Site Reliability Engineering: What, Why, and 5 Best Practices
Site Reliability Engineering (SRE) is an engineering discipline with the primary goal of improving the reliability of software services. Initially developed by Google, SRE is now an industry standard, practiced in companies of all sizes. The increasing adoption of SRE best practices shows the effectiveness of this methodology in ensuring consistent uptime and availability, improving risk management, and enabling early detection of issues.
While SRE is often leveraged by DevOps teams, the terms are neither identical nor interchangeable. This article provides an in-depth overview of SRE as a methodology and SRE practices, as well as a brief SRE and DevOps comparison.
In this article, you will learn:
- What is SRE
- Why we need SRE
- SRE vs. DevOps
- SRE best practices
What Is SRE?
SRE was initially developed by Google and later detailed in an SRE guide they wrote and made public. The guide outlines how Google applies an SRE strategy and suggests a methodological blueprint for other organizations. However, at present, SRE strategies vary widely by organization and practices, which is why site reliability engineer roles may differ according to company size and industry. A similar discipline was developed in parallel by Facebook, called Production Engineering. Currently, both disciplines seem to have merged to form a single approach.
Why Do We Need SRE?
Historically, the goal of ensuring software reliability was met in different ways, primarily under the responsibility of Software Architects, DevOps, and old-school Operations engineers. But there are significant advantages dedicated site reliability engineers can bring to the table:
- Consistent uptime and availability—through collaboration between engineers, customers, and product owners, site reliability engineers define and protect uptime and availability targets. They use the concept of “error budgets” to better balance feature development and availability. These budgets normalize less than 100 availability, creating more realistic targets for team deliverables.
- Measurement framework for reliability—reliability engineers define service-level indicators (SLIs) and service level objectives (SLOs) to maintain consistent operations. Teams can monitor these agreed SLIs to understand if they are meeting reliability objectives. Defining proper SLIs that directly impact the goals of the service is an important engineering task.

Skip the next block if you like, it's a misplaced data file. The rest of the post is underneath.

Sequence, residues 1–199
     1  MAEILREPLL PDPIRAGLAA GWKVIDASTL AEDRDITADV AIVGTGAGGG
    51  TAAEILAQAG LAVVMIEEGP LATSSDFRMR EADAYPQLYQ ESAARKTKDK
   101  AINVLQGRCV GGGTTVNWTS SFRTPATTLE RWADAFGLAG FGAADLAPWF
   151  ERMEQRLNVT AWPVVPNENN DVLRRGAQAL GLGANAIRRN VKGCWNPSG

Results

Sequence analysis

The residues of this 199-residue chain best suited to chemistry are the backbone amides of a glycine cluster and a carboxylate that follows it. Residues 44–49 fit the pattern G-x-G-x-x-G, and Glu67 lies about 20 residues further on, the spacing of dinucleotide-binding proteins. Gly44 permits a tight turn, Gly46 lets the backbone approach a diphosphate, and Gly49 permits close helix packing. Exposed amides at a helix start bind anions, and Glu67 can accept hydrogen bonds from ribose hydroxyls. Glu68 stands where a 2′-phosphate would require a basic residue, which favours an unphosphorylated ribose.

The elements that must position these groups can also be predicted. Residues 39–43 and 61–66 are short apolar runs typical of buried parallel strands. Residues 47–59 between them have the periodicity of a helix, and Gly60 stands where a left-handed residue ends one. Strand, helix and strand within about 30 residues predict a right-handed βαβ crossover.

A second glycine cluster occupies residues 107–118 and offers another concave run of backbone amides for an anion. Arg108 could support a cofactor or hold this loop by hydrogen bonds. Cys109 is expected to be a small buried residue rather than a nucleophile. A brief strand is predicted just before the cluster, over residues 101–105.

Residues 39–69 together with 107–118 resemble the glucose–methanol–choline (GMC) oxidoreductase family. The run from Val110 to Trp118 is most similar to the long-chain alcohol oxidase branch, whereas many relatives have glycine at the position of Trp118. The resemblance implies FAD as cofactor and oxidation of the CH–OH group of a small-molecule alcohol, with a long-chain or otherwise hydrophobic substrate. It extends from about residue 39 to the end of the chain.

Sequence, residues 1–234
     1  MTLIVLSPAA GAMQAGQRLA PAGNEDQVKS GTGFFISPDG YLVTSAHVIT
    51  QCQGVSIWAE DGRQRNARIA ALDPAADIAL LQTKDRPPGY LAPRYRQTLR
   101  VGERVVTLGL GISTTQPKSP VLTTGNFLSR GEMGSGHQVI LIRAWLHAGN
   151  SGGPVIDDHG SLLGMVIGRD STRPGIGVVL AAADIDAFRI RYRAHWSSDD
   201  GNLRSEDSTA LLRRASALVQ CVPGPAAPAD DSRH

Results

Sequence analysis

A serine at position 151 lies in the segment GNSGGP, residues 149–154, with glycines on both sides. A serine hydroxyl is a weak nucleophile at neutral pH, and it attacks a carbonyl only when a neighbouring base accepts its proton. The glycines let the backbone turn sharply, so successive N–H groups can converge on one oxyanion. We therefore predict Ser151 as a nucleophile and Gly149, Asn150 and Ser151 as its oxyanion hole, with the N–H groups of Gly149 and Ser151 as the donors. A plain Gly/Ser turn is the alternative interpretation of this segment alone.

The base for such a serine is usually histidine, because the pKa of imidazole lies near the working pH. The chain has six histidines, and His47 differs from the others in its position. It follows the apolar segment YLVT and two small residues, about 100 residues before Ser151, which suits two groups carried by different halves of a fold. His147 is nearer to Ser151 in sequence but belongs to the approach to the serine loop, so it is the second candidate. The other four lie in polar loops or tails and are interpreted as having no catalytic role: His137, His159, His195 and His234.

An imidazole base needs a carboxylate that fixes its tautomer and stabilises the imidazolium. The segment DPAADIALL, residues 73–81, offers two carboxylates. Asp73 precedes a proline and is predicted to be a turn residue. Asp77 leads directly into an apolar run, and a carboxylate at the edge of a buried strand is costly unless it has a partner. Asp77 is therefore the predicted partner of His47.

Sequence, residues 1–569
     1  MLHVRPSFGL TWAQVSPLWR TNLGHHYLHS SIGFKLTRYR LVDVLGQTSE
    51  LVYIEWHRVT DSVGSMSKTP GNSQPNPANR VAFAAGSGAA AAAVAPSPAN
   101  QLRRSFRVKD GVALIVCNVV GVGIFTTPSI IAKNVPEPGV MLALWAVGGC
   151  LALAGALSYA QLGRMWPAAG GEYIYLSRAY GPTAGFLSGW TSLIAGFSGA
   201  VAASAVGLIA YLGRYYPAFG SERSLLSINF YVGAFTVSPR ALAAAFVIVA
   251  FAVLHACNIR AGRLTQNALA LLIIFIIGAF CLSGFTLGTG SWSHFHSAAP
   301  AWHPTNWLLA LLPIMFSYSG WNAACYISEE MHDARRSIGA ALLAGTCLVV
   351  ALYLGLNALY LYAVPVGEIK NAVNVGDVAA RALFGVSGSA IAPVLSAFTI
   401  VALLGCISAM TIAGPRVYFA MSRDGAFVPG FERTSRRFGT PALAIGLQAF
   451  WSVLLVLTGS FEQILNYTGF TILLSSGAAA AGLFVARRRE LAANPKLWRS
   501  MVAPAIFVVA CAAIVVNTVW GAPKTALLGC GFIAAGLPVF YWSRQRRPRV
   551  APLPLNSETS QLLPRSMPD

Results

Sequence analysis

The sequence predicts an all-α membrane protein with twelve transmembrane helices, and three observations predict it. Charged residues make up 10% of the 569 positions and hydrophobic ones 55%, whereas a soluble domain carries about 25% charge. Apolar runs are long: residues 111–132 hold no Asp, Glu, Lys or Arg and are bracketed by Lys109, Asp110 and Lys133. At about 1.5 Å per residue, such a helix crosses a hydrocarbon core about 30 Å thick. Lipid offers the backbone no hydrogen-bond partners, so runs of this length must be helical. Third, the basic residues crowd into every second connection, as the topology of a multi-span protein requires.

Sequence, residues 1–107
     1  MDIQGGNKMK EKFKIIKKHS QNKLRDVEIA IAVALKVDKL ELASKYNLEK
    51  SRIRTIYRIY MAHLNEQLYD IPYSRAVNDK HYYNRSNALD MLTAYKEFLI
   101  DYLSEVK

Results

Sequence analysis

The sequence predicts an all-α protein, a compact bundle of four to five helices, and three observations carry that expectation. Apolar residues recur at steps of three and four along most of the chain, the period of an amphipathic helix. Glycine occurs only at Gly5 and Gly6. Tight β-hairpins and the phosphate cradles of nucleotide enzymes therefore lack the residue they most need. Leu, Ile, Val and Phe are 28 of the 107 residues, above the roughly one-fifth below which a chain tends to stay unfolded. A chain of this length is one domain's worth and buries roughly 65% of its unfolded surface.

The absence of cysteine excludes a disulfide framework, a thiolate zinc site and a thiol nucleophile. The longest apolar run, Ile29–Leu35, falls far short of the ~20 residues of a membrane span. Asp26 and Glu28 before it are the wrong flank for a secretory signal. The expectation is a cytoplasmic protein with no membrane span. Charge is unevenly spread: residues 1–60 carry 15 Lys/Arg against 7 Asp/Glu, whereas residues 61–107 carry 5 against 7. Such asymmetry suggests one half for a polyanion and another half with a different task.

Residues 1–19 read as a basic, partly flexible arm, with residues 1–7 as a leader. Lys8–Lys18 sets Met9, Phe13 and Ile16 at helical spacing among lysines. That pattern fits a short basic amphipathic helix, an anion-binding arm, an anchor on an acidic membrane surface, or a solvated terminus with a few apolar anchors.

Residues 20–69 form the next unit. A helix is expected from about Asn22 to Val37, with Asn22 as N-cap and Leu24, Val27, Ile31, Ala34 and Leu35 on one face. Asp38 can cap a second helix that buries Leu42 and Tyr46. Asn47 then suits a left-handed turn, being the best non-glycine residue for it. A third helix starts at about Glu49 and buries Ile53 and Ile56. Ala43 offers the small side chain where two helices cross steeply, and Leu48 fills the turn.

- Increased automation—one of SRE’s main practices is eliminating tedious tasks related to production operations, particularly maintenance tasks. This frees engineers to evaluate systems and focus on refining architecture and operations.
- Comprehensive understanding—site reliability engineers are encouraged to develop a holistic understanding of operations, components, and systems and how these aspects combine. This grants a greater ability to weigh the implications and impacts of changes.
- Earlier issue detection—engineers are continuously searching for limitations in operations and ways to improve configurations. This enables them to identify potential problems earlier and hopefully address those issues before they impact your systems.
SRE vs. DevOps
Site reliability engineering is often misperceived as an evolution of DevOps. In reality, it is a practical implementation of DevOps principles. Just as continuous integration and continuous delivery are applications of DevOps principles to software release, SRE is an application of these same principles to software reliability.
According to Google’s approach, you can use SRE to better adopt DevOps principles in the organization and measure your implementation’s success.
To better understand how to combine the two, consider the following principles:
- Reducing organizational silos – a shared sense of responsibility to eliminate the passing of problems between teams. This is one of the main principles of a DevOps philosophy. When SREs focus on improving the detection of issues and applications’ performance, operations teams can focus on managing infrastructure, and developers can focus on feature improvements.